Opera pioneered many of the standard features present in today's web browsers. It handles most of the common Internet tasks and supports features like mouse gestures, page zooming, tabbed browsing and others. This too is offered free for use and is much more popular with mobile devices.

Opera too dates back when it started as a project at Telnor and branched out to different company named Opera Software ASA. It was released publicly as version 2.0 in 1996.

Internet Explorer (IE), the world's most used browser, comes bundled with every copy of Microsoft Windows and had a market share of as high as 95% in 2002-2003 before open source browsers like FireFox were developed.

Some unique features of IE are : web accelerators, web splicing, smart screen phishing filters and tabbed browsing.

IE has a long history going back to 1994 when the development started using source code of then available Mosaic browser. Version 1 was first released on August 16 1995.

Google Chrome is a newer browser compared to the above two and released as an open source project by Google. It is based on WebKit layout engine and application framework for its development.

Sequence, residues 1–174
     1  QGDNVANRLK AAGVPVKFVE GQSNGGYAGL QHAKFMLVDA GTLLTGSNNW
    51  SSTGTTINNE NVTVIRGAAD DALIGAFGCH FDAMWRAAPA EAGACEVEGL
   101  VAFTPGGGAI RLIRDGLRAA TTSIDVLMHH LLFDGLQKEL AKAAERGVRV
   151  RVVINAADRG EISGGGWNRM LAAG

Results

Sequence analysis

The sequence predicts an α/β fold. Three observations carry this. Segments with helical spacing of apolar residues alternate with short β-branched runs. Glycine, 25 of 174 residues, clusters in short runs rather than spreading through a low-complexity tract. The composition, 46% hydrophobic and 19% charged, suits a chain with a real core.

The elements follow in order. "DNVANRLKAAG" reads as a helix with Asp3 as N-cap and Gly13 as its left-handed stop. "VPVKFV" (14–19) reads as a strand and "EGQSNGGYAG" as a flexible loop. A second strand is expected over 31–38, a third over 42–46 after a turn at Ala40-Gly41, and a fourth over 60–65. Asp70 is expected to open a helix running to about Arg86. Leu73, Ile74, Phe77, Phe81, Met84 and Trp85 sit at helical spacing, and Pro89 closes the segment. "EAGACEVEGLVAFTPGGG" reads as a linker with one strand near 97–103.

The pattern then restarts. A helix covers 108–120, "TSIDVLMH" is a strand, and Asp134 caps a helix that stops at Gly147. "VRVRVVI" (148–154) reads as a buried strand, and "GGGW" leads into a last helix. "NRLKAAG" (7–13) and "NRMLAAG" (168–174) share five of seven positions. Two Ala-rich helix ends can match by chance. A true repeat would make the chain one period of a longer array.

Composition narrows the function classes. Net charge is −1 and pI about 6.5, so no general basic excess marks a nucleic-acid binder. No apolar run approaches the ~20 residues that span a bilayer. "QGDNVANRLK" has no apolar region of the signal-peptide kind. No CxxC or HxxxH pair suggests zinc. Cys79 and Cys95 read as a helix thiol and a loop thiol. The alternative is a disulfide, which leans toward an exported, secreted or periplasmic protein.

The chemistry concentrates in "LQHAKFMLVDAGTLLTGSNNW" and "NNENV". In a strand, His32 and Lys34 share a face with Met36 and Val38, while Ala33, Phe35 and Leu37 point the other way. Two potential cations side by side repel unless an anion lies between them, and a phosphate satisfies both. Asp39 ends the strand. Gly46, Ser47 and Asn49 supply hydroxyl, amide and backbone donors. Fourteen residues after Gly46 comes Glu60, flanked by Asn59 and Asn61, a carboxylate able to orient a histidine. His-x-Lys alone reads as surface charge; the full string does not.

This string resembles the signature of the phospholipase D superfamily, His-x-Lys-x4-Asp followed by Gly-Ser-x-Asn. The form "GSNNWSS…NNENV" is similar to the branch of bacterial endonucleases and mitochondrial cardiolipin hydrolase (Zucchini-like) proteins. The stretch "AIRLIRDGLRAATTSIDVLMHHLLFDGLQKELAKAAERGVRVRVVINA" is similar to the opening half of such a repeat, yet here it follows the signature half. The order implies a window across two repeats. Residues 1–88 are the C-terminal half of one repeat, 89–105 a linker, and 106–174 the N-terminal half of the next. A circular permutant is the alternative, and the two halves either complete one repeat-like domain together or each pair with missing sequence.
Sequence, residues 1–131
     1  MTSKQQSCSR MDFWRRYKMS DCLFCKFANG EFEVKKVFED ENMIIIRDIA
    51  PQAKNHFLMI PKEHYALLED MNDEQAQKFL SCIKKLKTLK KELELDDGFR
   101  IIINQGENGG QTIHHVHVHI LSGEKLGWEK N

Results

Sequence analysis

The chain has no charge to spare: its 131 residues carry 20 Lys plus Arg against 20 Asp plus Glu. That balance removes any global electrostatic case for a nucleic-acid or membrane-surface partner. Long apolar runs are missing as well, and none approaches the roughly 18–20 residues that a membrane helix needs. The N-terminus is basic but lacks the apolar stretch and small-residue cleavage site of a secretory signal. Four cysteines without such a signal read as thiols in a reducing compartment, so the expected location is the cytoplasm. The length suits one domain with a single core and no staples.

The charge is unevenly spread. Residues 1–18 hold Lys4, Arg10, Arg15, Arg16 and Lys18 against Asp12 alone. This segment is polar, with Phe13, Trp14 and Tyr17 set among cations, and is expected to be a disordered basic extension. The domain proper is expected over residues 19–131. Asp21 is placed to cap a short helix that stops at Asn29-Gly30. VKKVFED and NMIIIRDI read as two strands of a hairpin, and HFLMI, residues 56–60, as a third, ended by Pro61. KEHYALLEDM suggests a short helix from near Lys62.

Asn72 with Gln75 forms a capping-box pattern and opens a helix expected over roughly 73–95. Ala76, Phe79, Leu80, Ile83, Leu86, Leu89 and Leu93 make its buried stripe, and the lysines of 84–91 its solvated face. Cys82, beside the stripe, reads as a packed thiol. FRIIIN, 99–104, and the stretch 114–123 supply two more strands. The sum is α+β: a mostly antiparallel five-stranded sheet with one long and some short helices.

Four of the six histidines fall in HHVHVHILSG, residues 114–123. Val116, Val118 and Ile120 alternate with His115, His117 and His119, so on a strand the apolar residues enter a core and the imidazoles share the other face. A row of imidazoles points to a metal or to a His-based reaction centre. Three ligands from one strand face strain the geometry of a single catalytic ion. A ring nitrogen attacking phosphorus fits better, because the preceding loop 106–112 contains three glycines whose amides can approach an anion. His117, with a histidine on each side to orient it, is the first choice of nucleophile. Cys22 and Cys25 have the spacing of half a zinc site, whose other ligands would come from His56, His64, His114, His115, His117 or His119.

The unique feature of Chrome is the emphasis on faster loading of web pages and minimal interface for better user experience.

Like most popular browsers above, Chrome too supports tabbed browsing, auto updates, and anti-phishing filter.

Chrome was designed to keep in considering web applications like Gmail and others where loading time is more important and for which DOM is used to the fullest. Version 1 was released by Google on 2 September 2008.

Safari by Apple is included by default with Mac OS but is now available for PC as well.

Common features include tabbed browsing, bookmark management, pop up ad blocking that is available in both PC and Mac version while others like saving webpage clips, using keychain for password management and iphoto viewing are available in Mac versions only.

The first version of Safari was released on January 7 2003 by Apple.

Popularity of browsers

According to Net Analytics which deals in tracking usage and market shares for browsers and operating systems, as of June 2010, IE has the highest share on the market.

The full report can be found here.

Broswer Popularity
Internet Explorer 60.32%
Mozilla FireFox 23.81%
Google Chrome 7.24%
Apple Safari 4.85%
Opera 2.27%